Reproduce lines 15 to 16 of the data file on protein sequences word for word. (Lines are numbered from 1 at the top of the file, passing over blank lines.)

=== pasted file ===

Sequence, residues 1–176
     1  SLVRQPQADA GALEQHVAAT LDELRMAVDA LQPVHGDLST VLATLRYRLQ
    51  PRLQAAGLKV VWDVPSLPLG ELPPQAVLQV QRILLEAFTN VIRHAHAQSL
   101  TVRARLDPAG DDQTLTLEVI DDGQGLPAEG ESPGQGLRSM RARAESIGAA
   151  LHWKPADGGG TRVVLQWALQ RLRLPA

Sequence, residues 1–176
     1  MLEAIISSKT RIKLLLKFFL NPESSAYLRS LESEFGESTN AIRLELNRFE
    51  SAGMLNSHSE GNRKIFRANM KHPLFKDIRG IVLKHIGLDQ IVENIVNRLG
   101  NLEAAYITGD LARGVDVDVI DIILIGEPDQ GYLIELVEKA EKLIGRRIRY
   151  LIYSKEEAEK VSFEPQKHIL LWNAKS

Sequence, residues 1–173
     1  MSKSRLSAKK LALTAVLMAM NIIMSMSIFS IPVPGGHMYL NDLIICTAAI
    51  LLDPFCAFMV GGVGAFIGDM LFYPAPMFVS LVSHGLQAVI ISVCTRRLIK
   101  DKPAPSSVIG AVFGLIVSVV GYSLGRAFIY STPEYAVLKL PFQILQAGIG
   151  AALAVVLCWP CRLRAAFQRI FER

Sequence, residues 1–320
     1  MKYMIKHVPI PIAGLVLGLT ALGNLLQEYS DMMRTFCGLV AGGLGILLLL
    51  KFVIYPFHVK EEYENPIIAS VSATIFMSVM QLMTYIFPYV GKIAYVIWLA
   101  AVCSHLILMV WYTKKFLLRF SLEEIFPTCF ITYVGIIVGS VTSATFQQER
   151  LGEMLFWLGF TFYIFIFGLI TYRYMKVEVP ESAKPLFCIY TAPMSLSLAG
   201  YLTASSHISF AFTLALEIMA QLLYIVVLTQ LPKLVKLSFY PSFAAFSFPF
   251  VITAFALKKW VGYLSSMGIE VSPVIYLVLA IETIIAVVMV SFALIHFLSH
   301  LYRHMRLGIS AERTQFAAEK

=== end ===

   151  AALAVVLCWP CRLRAAFQRI FER

Sequence, residues 1–320